Alfred James Andriola,
who lived from May 24, 1912 to March 29, 1983, was an American cartoonist best known for the comic strip Kerry Drake. Kerry Drake was a comic strip created for Publishers Syndicate by Andriola as artist and Allen Saunders as uncredited writer, for which he won a Reuben Award in 1970. For his picture, see his biography card at the National Cartoonists Society, of which he was a member.
Andriola was born in New York City on May 24, 1912 and grew up in Rutherford, New Jersey. He studied at Cooper Union and Columbia University in New York City intending to becoming a writer. Instead, following a fan letter he wrote to Milton Caniff, a cartoonist (creater of Terry and the Pirates), he became his assistant, working with him on Terry and the Pirates and Scorchy Smith, an adventure comic strip created by John Terry that ran from 1930 to 1961. Scorchy Smith was a pilot-for-hire whose initial adventures, set in the 1930s, took him across America, fighting criminals and aiding damsels in distress.
Andriola’s first strip was Charlie Chan, a fictional character Chinese American detective created by Earl Derr Biggers, an adaptation of the popular detective novels for the McNaught Syndicate. For five months in 1943 he drew a minor superhero, Captain Triumph. For a year he drew the strip Dan Dunn with writer Allen Saunders an American writer, journalist, and cartoonist who wrote Steve Roper and Mike Nomad, Mary Worth, and Kerry Drake . Dunn was cancelled on October 3, 1943 and the next day their strip Kerry Drake debuted. Originally a district attorney’s investigator, Drake became a municipal police officer when Sandy Burns, his secretary and fiancee, was murdered by Trinket and Bulldozer. As both a DA’s man and a city cop he battled a series of flamboyant villains like Bottleneck, Mother Whistler, and No-Face.
Andriola was assisted (and ghosted) by artists Fran Matera, Jerry Robinson an artist best known for his work on DC Comics’ Batman line of comics during the 1940s and Sururi Gumen, the last of whom shared credit with Andriola starting in 1976. Drake was canceled after Andriola died on March 29, 1983. Andriola also drew the strip It’s Me Dilly under the pseudonym Alfred James from 1957 to 1960.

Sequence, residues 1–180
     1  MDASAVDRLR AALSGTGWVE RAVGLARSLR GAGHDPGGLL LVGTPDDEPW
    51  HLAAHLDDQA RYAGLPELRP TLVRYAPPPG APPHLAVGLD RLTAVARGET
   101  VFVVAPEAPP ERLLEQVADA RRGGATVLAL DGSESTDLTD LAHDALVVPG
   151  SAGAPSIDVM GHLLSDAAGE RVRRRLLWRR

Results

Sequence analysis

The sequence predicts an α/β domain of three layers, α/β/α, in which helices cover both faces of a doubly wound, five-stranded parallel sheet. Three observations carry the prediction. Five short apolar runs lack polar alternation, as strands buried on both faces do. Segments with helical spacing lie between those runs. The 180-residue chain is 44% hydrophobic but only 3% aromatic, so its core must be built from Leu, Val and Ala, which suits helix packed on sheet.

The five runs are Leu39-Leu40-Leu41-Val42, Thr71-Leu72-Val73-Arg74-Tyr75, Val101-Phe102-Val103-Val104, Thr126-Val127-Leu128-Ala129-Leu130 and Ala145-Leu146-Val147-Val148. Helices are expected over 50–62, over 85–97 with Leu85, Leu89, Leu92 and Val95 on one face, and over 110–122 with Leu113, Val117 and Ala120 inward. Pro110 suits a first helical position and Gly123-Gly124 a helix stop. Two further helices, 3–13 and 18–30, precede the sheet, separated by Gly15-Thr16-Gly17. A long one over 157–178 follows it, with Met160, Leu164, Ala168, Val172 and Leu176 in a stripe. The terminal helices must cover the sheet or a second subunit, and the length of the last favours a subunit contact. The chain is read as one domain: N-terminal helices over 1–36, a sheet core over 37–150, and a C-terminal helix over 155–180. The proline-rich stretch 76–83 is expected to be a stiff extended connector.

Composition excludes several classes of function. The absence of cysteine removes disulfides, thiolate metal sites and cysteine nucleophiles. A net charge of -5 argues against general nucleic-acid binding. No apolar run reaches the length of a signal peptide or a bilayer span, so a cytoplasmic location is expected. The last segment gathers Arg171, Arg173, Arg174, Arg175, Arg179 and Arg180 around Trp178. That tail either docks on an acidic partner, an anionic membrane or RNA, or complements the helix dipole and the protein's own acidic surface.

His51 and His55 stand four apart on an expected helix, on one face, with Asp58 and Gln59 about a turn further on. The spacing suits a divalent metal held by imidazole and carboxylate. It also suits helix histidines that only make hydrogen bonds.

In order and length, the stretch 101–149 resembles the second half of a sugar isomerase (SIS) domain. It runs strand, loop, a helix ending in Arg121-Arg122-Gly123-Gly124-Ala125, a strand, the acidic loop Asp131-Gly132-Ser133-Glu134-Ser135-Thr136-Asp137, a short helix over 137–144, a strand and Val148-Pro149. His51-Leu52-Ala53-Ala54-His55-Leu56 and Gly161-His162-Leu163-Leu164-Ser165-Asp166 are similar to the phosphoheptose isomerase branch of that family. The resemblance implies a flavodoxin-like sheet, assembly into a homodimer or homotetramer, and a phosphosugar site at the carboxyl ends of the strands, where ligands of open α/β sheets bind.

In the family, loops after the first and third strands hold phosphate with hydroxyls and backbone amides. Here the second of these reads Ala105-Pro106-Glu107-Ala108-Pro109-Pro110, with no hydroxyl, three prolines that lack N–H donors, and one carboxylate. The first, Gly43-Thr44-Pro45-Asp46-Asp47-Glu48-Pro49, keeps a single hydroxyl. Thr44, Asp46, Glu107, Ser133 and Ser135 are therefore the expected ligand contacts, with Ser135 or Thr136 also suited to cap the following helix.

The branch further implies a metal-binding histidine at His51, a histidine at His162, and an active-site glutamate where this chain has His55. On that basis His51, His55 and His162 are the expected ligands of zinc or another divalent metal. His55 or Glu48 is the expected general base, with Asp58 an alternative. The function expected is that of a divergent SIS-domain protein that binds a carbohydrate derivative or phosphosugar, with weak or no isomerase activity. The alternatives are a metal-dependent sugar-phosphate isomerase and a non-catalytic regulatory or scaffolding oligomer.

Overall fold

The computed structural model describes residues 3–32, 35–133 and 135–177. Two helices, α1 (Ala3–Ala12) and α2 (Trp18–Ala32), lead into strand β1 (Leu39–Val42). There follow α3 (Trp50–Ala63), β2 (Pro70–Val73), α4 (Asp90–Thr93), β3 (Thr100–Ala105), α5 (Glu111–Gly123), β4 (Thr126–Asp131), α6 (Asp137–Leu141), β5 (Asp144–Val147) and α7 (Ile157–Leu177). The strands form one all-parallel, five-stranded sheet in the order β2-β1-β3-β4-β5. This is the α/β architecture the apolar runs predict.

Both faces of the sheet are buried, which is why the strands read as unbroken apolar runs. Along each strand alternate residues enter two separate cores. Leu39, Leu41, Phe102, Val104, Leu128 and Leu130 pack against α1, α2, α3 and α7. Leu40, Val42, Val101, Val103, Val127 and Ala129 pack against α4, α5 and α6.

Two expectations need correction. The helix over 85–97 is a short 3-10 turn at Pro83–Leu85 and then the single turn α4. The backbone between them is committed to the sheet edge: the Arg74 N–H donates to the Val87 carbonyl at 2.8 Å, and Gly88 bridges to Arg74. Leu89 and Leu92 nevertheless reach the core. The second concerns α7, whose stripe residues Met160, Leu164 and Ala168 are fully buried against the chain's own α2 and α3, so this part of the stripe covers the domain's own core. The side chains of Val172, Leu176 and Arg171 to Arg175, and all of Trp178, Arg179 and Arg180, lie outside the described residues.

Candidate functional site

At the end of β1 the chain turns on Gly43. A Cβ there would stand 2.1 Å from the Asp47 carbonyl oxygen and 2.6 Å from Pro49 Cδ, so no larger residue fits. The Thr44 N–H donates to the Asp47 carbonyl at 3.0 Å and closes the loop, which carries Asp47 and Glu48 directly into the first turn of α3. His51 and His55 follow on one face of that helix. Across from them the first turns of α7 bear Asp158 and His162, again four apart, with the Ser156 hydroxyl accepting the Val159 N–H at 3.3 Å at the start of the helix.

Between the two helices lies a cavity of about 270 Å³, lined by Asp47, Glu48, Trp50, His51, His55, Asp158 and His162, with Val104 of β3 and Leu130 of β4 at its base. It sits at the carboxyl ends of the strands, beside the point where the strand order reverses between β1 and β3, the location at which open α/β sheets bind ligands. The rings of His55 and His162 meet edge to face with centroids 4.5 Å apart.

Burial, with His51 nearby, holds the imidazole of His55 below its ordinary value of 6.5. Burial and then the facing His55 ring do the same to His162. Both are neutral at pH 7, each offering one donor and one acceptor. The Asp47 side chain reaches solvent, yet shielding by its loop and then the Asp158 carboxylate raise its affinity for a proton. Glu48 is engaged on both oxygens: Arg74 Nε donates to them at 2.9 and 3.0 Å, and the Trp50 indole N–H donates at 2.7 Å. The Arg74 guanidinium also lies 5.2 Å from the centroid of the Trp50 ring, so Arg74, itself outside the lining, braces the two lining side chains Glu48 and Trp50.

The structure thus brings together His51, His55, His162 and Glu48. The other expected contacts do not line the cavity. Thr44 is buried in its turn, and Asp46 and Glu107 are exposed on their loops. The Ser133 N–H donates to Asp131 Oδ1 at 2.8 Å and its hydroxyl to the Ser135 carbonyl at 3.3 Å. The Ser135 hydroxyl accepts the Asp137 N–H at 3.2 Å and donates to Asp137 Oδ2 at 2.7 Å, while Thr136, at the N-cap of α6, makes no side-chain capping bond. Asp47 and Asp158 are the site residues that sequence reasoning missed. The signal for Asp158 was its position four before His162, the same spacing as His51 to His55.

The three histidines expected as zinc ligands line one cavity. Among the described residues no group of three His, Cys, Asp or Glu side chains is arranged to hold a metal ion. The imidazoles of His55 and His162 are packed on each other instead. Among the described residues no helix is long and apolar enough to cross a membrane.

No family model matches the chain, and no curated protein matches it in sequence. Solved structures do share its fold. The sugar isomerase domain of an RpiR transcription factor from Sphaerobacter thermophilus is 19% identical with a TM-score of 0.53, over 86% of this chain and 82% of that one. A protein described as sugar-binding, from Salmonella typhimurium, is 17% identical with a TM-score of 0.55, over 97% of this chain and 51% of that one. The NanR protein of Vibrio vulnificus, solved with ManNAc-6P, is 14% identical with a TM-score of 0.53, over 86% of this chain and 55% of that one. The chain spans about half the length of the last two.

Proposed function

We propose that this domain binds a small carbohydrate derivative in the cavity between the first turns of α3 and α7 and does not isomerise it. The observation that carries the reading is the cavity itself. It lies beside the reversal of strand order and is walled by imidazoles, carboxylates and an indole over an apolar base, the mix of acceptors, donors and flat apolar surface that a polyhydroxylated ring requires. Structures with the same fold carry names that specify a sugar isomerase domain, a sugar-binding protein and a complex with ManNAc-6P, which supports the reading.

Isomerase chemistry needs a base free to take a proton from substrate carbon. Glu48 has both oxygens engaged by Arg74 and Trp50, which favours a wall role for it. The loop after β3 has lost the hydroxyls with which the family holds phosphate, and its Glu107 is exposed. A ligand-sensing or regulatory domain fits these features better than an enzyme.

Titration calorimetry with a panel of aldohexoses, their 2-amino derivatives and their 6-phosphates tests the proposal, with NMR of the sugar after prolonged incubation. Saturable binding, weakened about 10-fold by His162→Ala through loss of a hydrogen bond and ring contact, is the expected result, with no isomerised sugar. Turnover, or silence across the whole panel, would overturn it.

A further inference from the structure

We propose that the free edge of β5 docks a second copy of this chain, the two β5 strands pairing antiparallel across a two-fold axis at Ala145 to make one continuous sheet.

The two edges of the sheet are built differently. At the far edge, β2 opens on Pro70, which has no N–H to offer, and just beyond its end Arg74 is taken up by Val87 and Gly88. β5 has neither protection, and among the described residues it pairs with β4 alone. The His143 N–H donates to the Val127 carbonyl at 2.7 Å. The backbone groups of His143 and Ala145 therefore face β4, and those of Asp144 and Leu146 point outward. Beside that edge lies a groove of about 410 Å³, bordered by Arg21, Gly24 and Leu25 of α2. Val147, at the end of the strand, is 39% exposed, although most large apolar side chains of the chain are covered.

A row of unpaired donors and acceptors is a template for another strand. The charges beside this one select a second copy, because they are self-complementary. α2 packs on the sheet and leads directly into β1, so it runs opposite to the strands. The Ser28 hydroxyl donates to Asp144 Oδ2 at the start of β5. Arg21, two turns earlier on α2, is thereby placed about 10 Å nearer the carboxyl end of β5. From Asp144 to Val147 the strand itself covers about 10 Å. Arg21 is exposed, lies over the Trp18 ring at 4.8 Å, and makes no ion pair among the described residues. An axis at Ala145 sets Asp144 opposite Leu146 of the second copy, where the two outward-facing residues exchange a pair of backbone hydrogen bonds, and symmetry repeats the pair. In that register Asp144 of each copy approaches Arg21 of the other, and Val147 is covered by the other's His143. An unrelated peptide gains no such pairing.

Legendary police detective Charlie Chan has solved mysteries in all forms of media — including a syndicated comic strip by cartoonist Alfred Andriola which appeared in newspapers from 1938-1942.
Playwright and novelist Earl Derr Biggers created the Chinese-American detective for his 1925 novel The House Without a Key. A healthy alternative to Asian stereotypes in fiction of the era, the character proved so popular he soon dominated the media — in addition to the six novels by Biggers, Charlie Chan has also appeared in some four dozen films, plus radio programs, television series, and a number of comics.
The classic comic strips have been archived at fan site The Charlie Chan Family Home: “Although our collection of original Charlie Chan Sunday Comics is extensive and continues to inch toward completeness when possible, there are occasional “holes,” sometimes several in succession, that are filled with reproductions. When this becomes necessary, this fact is noted following that comic’s original release date.”
By the way, following the cancellation of Charlie Chan, cartoonist Andriola went on to create Kerry Drake in 1943. The series won a Reuben Award in 1970, and continued all the way until the creator’s death in 1983